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Hierarchical recurrent state space models reveal discrete and continuous dynamics of neural activity in C. elegans

By Scott W Linderman, Annika L. A. Nichols, David Blei, Manuel Zimmer, Liam Paninski

Posted 29 Apr 2019
bioRxiv DOI: 10.1101/621540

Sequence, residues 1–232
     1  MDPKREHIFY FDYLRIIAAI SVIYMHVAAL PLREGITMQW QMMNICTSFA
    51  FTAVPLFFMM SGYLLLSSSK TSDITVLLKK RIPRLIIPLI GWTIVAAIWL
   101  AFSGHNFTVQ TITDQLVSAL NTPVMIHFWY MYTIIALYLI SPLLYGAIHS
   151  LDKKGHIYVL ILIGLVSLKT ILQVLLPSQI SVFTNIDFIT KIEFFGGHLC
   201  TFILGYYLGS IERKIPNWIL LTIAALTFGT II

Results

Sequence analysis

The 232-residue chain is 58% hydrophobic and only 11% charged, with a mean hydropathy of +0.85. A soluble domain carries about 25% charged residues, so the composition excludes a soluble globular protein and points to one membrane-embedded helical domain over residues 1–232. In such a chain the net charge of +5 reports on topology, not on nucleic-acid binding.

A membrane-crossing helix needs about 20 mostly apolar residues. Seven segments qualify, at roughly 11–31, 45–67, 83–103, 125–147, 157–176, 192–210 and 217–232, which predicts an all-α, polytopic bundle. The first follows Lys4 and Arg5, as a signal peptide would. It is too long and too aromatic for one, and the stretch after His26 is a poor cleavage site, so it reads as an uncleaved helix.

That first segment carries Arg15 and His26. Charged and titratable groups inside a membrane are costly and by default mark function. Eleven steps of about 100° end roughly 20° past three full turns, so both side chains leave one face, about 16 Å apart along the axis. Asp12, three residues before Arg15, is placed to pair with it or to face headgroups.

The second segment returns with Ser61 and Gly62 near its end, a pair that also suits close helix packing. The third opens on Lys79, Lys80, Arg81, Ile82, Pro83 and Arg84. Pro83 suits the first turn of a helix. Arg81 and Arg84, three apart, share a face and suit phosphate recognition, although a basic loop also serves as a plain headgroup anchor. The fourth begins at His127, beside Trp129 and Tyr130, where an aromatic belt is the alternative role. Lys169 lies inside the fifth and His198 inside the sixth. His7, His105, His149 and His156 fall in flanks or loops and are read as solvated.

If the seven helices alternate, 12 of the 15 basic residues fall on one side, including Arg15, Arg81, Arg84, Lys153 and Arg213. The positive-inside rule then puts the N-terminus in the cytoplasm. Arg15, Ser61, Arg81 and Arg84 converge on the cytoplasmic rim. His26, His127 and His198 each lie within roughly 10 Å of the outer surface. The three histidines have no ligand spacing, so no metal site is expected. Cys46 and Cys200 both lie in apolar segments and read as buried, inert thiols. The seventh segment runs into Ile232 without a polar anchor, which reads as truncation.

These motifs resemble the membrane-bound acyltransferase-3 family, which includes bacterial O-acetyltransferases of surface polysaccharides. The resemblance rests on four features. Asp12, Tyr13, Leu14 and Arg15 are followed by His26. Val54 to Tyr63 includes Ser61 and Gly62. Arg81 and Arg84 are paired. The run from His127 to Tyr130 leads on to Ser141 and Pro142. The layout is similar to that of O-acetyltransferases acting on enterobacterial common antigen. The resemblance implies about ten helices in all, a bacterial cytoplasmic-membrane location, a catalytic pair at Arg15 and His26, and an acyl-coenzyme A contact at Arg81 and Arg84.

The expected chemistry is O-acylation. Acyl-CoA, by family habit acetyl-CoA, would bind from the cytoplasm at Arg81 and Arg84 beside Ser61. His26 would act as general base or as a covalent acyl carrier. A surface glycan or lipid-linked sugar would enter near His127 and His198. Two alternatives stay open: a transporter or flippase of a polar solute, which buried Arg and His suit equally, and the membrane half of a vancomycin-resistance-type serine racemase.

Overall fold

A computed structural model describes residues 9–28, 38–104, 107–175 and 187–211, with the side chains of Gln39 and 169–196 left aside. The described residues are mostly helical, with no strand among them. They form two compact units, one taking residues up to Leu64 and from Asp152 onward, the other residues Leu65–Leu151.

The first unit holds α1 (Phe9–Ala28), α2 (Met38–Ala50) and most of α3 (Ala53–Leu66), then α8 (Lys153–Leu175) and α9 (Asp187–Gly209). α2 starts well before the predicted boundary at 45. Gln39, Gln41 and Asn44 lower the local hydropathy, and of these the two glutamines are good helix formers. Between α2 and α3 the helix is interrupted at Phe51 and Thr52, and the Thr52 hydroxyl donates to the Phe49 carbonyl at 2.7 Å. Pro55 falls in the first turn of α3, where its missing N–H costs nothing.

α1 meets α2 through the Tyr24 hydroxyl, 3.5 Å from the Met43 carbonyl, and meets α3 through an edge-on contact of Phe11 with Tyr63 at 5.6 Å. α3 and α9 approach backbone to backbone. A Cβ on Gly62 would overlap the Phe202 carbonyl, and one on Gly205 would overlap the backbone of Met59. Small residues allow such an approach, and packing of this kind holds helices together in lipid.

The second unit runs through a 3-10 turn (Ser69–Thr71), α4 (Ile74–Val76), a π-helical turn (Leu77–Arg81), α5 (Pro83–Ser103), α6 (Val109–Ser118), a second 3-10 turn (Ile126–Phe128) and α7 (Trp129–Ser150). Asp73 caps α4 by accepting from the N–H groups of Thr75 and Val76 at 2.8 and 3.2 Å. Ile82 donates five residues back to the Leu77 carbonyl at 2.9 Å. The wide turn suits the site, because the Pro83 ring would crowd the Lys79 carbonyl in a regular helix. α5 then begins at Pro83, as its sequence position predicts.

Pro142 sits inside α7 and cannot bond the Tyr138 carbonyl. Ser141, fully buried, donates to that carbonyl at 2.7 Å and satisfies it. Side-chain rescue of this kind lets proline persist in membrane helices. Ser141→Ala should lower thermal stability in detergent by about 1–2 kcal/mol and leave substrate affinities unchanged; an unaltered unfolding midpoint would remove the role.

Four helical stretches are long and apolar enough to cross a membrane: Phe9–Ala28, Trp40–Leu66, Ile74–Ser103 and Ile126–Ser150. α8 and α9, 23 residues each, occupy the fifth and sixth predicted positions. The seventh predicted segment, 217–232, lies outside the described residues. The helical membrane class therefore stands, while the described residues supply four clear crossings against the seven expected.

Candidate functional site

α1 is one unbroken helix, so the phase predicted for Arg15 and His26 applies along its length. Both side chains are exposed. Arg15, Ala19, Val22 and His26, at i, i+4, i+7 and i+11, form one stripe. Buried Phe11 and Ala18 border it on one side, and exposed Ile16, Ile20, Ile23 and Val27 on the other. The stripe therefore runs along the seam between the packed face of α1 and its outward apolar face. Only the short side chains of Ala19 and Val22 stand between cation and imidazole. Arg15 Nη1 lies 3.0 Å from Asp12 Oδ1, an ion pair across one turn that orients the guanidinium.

Modern recording techniques enable large-scale measurements of neural activity in a variety of model organisms. The dynamics of neural activity shed light on how organisms process sensory information and generate motor behavior. Here, we study these dynamics using optical recordings of neural activity in the nematode C. elegans. To understand these data, we develop state space models that decompose neural time-series into segments with simple, linear dynamics. We incorporate these models into a hierarchical framework that combines partial recordings from many worms to learn shared structure, while still allowing for individual variability. This framework reveals latent states of population neural activity, along with the discrete behavioral states that govern dynamics in this state space. We find stochastic transition patterns between discrete states and see that transition probabilities are determined by both current brain activity and sensory cues. Our methods automatically recover transition times that closely match manual labels of different behaviors, such as forward crawling, reversals, and turns. Finally, the resulting model can simulate neural data, faithfully capturing salient patterns of whole brain dynamics seen in real data.

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